Traditional Polish singing from the sewer to the bedroom.

In Warsaw I was staying with Anastazja Bernad and her sister Zosia. I arrived by train and Anastazja picked me up from the station with her bike. She showed another cyclist I met on the train the way out of the station and then we took of into the busy street of the capital of Poland. The cycle ride that followed my arrival felt fantastically crazy: we raced down big streets lit up by neons and headlights, zig zagging through cars on roads not designed for bicycles – Anastazja and a friend in front, then me trying to keep up with my heavy bags and excitement. We finally got to her appartement not far from the football stadium where a couples of days later I was to see a horde of fans march back up into the center.

Upon arrival I didn’t realise that Anastazja sang or that she lived with her sister who’s also a singer – I was staying with her as she was friend of a friend. I discovered her beautiful and powerful voice in some sort of tunnel used for draining overflow from the city’s sewers into the Vistula river (the longest river in Poland flowing through several major cities). You might be wandering what we were doing in such an unappealing place? The answer is quite obvious – we were looking for interesting acoustic spaces! and this tunnel most certainly was one! It had a really cool complex reverb. It started with the usual diffuse reverb as the sound bounced around and, down the oval shaped structure, then it seemed to hit something in the far distance creating a distinct echo a few seconds after the initial impulse. Finally, the vibrations seemed to travel back up through the walls creating some weird wooshy sound! very weird. Also, this tunnel has a particular historical background as it was used by the Polish resistance during the Warsaw uprise in 1944-1945. It allowed them to access the old town from the river banks!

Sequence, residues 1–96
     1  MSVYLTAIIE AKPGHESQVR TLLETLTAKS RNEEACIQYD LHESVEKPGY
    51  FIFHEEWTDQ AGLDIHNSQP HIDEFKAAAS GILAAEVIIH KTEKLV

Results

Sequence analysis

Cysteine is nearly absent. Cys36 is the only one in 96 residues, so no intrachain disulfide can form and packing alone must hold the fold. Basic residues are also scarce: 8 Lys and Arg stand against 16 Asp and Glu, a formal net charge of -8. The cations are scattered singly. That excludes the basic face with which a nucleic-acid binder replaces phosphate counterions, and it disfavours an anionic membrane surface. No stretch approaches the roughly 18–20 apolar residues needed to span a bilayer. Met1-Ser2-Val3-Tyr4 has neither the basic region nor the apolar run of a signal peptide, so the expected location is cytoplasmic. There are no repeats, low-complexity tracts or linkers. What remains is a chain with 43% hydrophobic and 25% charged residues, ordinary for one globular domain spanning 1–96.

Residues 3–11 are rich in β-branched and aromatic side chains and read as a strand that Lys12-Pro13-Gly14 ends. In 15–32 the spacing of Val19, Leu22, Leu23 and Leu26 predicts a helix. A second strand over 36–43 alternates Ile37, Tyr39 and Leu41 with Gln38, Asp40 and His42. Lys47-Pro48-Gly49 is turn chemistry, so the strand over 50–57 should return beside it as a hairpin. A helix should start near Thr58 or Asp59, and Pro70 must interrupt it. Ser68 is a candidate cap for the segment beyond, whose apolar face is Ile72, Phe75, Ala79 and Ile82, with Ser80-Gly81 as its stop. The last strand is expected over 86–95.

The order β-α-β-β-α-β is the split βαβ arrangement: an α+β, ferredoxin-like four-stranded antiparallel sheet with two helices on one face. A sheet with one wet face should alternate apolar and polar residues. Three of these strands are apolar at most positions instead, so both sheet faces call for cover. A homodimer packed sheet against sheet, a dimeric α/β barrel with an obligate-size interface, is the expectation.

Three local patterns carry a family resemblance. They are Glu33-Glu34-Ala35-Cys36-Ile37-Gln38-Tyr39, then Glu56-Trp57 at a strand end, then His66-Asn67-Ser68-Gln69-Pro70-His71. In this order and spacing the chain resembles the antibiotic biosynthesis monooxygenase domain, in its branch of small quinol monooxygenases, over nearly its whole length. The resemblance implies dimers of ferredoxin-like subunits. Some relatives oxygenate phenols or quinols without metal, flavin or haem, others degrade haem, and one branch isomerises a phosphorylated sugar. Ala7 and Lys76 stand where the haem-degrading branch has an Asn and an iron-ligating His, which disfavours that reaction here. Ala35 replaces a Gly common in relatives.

These traditional songs have different origins. For many of them, the melodies are older that the words and are written for rituals, ceremonies or are love songs. Unfortunately, Anastazja didn’t have much time to explain to me what each song meant or tell me much about this traditional music – after getting too excited by the reverb she was late for work! Most of what she told me was exchanged during a cycle ride going from the sewers back up into the periphery of the old town and across to her workplace. She told me that the songs she sang were mostly of the later category and were often about men leaving their pregnant women…

Zosia is also a singer of traditional Polish music. We recorded in a less exciting location, Anastazja’s bedroom, but had a little more time to talk about the meaning of the songs. She sang three songs and this is what they’re about:

Siwy Koniu is about a man talking to his horse asking it to leed him to his woman. He gets to her and asks her to come with him, she refuses because people from the village are talking about them. He answer that he doesn’t care what anyone is saying about them because he loves her (in the song he calls her ‘my rose’)

– Ktòrztam po kumorze is about a girl going to get married and is talking to the voice of her dead mother. The girl asks for her mother’s blessing but the mother’s voice answers that she can’t give it to her because of three locks imprisoning her: the Wood from the coffin, the Sand/Earth and the green Grass. 

– Nie jadzty do mnie is a women pleading her boyfriend to no come to her because she has another love. The man thinks she is so beautiful and can’t resist. The women then prays for the mountains and the plains to level so she can get to her love…

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